The hotel opened May 12, 1912, before the city's existence. Margaret and Stanley took up residence within the hotel grounds. By 1914, Hollywood directors, actors, and actresses such as Mary Pickford and Douglas Fairbanks, Charlie Chaplin, Gloria Swanson, Buster Keaton, Rudolph Valentino, and Will Rogers had purchased homes in the area, "transforming bean fields surrounding The Beverly Hills Hotel into prime real estate". The city of Beverly Hills was established. The first five bungalows of the hotel were built in 1915. In 1919, Douglas Fairbanks and his wife, Mary Pickford, bought and expanded a lodge above the hotel, which they named Pickfair. According to one publication, a star would know they would finally "made it" when they received an invitation to dine at Pickfair. Gloria Swanson resided in one of the bungalows of the hotel during her divorce.
In 1915, the Andersons donated a portion of the hotel's original grounds to the community of Beverly Hills. It was used to create the community's first public park. Originally known as Sunset Park, it is now Will Rogers Memorial Park. An early tradition was the annual Easter egg hunt, put on for the children of the guests and employees. Silent film star Harold Lloyd was an early hotel patron, and in 1921, he decided to film a scene at the hotel for A Sailor-Made Man. From 1928 to 1932, the hotel was owned by the Interstate Company. Interstate had to close the hotel during the Great Depression years, although the company leased the bungalows out as rental properties. With Bank of America funding, the hotel reopened in 1932.
The glamour years
During the 1930s, the Beverly Hills Hotel became increasingly popular with Hollywood film stars. Fred Astaire took a shine to the hotel and enjoyed reading the Daily Variety and the Hollywood Reporter by the pool. Cesar Romero and Carole Lombard were pictured together at the hotel in 1937. In 1938, the Sand and Pool Club was established at the hotel. It proved extremely popular, with white sand imported from Arizona, which made the pool area look like a beach. The following year, it began hosting fashion shows sponsored by local department stores such as Bullock's Wilshire. In 1940, one of the hotel's long-time patrons, Marlene Dietrich, was instrumental in bringing about a change in policy in the Polo Lounge, which had made it compulsory for women to don skirts, which she refused to wear.In 1941, Hernando Courtright, the vice president of the Bank of America, purchased the hotel with friends. Irene Dunne, Loretta Young, and Harry Warner also became owners of the hotel as a result of their investment with Courtright. Courtright established the Polo Lounge "in honor of a celebrity band of polo players who toasted victories at the restaurant after matches in the bean fields". In 1942, Howard Hughes bought up half a dozen of the bungalows and lived there on several occasions throughout the decades. The hotel accommodated his eccentricities, including his request for "roast beef sandwiches delivered to a nook in a tree". The Beverly Hills Hotel underwent significant renovation in the late forties when the porte cochere was expanded and painted in stripes. In 1947, Courtright opened the Crystal Room and the Lanai Restaurant, later called The Coterie. The building was first painted its famous pink color in 1948 to match the country club style of the period, and it became known as "the Pink Palace". The following year, architect Paul Williams added the Crescent Wing. The Fountain Coffee Shop also opened at this time.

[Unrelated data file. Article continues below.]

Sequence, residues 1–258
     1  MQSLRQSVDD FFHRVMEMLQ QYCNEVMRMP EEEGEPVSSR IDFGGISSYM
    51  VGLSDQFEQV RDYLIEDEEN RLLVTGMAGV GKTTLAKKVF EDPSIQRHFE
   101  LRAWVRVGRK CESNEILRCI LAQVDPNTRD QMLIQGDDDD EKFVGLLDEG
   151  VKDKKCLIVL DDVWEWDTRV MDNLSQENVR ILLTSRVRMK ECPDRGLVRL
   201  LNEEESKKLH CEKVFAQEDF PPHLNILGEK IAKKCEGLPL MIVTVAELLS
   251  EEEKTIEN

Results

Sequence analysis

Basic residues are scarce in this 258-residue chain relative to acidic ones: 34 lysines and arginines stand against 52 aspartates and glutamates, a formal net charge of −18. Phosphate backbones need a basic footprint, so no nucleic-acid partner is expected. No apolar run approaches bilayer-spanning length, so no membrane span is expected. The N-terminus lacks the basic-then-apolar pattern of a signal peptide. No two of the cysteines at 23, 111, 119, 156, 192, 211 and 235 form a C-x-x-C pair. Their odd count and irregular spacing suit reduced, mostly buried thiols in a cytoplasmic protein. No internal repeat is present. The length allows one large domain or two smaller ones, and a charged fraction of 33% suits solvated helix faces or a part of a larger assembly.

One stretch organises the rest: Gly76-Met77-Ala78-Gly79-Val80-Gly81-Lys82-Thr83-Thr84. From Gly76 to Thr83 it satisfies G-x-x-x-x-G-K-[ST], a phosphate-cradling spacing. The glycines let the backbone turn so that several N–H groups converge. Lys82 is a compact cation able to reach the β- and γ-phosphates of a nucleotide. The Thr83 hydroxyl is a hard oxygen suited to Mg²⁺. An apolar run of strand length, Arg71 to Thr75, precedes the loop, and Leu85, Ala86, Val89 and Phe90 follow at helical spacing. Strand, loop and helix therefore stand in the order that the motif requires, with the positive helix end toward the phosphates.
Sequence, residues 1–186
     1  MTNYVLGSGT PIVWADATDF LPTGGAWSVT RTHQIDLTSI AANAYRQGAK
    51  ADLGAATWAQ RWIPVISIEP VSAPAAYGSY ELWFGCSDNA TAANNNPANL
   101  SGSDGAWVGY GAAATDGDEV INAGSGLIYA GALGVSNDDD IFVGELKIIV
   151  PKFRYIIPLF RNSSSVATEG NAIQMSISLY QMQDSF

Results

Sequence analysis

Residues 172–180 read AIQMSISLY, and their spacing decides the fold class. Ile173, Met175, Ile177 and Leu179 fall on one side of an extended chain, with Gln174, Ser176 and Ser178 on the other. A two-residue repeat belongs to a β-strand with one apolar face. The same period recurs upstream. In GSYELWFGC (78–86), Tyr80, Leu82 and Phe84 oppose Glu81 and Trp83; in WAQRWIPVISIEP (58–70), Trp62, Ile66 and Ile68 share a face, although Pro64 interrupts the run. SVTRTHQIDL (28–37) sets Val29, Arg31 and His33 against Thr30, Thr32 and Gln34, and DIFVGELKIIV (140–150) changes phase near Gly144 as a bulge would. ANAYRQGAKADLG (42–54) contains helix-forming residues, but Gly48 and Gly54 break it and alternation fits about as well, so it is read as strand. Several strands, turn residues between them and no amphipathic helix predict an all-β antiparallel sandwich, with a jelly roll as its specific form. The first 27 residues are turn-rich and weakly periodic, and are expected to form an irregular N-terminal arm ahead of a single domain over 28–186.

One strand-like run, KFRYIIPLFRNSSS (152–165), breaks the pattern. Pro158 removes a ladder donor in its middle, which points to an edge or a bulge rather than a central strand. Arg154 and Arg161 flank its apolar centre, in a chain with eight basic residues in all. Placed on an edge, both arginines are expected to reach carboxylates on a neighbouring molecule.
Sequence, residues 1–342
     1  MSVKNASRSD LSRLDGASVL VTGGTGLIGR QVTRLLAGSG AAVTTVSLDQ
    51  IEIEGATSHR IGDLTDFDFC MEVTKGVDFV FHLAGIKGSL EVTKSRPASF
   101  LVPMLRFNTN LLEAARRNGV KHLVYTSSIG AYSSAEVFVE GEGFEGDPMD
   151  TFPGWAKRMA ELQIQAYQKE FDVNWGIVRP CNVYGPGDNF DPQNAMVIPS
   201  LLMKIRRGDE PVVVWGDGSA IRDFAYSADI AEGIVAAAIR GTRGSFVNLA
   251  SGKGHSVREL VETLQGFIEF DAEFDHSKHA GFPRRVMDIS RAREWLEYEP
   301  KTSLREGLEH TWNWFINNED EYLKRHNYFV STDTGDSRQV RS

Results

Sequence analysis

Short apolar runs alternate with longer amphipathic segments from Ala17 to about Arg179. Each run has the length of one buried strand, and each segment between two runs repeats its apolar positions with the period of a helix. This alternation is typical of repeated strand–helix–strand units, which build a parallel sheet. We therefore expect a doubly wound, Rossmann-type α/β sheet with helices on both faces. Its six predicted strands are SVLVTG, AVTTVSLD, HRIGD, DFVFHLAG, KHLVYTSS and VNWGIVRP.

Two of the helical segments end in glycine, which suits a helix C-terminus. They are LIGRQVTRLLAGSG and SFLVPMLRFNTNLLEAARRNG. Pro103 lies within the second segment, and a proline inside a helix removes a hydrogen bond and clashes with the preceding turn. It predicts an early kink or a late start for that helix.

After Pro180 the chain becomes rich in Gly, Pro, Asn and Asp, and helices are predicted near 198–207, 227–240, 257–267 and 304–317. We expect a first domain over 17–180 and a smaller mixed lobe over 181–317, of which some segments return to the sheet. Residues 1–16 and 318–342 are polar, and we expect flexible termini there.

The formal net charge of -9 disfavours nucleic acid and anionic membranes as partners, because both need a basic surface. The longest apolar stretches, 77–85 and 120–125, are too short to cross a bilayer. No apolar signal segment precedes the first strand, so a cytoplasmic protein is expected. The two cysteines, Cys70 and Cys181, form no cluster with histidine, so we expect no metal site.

In 1954, Detroit real estate magnate Ben L. Silberstein bought the hotel for $5.5 million. Courtright late...